The fact is that what we’re experiencing right now is a top-down disaster. The policies that got us into this mess weren’t responses to public demand. They were, with few exceptions, policies championed by small groups of influential people — in many cases, the same people now lecturing the rest of us on the need to get serious. And by trying to shift the blame to the general populace, elites are ducking some much-needed reflection on their own catastrophic mistakes.

Let me focus mainly on what happened in the United States, then say a few words about Europe.

These days Americans get constant lectures about the need to reduce the budget deficit. That focus in itself represents distorted priorities, since our immediate concern should be job creation. But suppose we restrict ourselves to talking about the deficit, and ask: What happened to the budget surplus the federal government had in 2000?

The answer is, three main things. First, there were the Bush tax cuts, which added roughly $2 trillion to the national debt over the last decade. Second, there were the wars in Iraq and Afghanistan, which added an additional $1.1 trillion or so. And third was the Great Recession, which led both to a collapse in revenue and to a sharp rise in spending on unemployment insurance and other safety-net programs.

So who was responsible for these budget busters? It wasn’t the man in the street.

President George W. Bush cut taxes in the service of his party’s ideology, not in response to a groundswell of popular demand — and the bulk of the cuts went to a small, affluent minority.

Similarly, Mr. Bush chose to invade Iraq because that was something he and his advisers wanted to do, not because Americans were clamoring for war against a regime that had nothing to do with 9/11. In fact, it took a highly deceptive sales campaign to get Americans to support the invasion, and even so, voters were never as solidly behind the war as America’s political and pundit elite.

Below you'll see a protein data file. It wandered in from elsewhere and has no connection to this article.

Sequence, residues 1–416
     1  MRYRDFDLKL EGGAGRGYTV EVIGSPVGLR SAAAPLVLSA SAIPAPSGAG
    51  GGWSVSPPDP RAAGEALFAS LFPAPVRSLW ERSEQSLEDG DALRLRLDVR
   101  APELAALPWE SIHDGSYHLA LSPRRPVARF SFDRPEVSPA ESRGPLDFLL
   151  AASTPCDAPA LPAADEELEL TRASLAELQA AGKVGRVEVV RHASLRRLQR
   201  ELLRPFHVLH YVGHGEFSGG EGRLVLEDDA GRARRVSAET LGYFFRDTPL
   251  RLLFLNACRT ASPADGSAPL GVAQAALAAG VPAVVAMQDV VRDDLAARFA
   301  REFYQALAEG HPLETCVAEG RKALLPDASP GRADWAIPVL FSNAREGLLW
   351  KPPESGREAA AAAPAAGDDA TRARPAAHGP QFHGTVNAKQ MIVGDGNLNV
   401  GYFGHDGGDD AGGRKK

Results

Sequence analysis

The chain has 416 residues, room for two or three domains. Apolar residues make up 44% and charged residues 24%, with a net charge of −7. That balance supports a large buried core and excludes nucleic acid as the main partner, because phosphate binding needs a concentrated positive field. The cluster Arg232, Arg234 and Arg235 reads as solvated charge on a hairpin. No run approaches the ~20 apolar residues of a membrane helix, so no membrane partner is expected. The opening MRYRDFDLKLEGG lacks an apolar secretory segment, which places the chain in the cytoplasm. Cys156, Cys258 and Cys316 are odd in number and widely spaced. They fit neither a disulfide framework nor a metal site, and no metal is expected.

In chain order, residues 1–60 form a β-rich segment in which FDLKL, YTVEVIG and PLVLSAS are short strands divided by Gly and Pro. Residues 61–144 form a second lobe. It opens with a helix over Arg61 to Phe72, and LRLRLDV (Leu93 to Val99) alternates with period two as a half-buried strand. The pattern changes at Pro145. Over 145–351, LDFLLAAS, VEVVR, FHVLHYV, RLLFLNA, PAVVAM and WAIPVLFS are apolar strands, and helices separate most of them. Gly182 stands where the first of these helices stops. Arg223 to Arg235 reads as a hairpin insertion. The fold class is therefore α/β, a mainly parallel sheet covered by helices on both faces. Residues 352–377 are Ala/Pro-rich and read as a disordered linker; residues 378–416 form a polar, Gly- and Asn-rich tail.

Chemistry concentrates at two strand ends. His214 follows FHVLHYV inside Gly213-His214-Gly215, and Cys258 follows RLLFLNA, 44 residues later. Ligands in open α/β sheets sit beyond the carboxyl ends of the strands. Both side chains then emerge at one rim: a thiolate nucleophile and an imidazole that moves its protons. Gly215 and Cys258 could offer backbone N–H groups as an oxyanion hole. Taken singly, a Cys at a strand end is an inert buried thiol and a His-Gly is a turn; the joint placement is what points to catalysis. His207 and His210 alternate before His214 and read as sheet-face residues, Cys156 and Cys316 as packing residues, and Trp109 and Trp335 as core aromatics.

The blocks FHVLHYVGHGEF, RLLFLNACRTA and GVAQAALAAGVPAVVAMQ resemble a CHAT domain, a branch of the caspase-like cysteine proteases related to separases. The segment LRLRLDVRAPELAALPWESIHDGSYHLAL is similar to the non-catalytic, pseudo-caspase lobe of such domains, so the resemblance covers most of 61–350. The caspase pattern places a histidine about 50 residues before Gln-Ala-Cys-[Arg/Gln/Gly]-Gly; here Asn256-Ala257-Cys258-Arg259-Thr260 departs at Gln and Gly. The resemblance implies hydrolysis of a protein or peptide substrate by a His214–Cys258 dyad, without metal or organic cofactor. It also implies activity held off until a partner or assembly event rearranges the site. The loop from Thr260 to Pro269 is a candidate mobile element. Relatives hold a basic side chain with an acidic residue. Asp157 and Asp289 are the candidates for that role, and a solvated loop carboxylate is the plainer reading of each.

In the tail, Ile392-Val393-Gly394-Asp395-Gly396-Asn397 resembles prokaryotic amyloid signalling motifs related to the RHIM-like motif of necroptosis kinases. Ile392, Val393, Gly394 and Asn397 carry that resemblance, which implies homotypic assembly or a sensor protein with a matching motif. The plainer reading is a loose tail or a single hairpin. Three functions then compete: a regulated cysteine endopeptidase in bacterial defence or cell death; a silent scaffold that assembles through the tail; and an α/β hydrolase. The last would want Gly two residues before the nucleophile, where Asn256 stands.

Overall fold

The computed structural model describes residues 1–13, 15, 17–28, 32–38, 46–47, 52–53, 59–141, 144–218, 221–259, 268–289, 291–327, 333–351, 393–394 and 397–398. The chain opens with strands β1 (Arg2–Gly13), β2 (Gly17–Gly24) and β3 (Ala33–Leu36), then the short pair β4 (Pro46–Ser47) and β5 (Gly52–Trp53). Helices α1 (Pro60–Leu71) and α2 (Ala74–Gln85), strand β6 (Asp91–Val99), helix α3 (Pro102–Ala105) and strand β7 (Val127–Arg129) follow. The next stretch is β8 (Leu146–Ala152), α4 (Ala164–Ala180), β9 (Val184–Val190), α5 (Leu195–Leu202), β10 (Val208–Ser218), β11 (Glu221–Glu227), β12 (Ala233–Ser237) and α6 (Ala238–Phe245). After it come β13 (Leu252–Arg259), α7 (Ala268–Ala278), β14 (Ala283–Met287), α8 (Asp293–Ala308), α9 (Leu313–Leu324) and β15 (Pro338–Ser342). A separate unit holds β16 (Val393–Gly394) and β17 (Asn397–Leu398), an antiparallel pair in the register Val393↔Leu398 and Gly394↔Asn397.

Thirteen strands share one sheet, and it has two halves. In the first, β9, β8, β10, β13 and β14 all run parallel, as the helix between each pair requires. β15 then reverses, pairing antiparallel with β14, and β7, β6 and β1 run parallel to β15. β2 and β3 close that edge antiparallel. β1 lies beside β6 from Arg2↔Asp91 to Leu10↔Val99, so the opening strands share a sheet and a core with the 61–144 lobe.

Finally, the Great Recession was brought on by a runaway financial sector, empowered by reckless deregulation. And who was responsible for that deregulation? Powerful people in Washington with close ties to the financial industry, that’s who. Let me give a particular shout-out to Alan Greenspan, who played a crucial role both in financial deregulation and in the passage of the Bush tax cuts — and who is now, of course, among those hectoring us about the deficit.

So it was the bad judgment of the elite, not the greediness of the common man, that caused America’s deficit. And much the same is true of the European crisis.

Needless to say, that’s not what you hear from European policy makers. The official story in Europe these days is that governments of troubled nations catered too much to the masses, promising too much to voters while collecting too little in taxes. And that is, to be fair, a reasonably accurate story for Greece. But it’s not at all what happened in Ireland and Spain, both of which had low debt and budget surpluses on the eve of the crisis.

The real story of Europe’s crisis is that leaders created a single currency, the euro, without creating the institutions that were needed to cope with booms and busts within the euro zone. And the drive for a single European currency was the ultimate top-down project, an elite vision imposed on highly reluctant voters.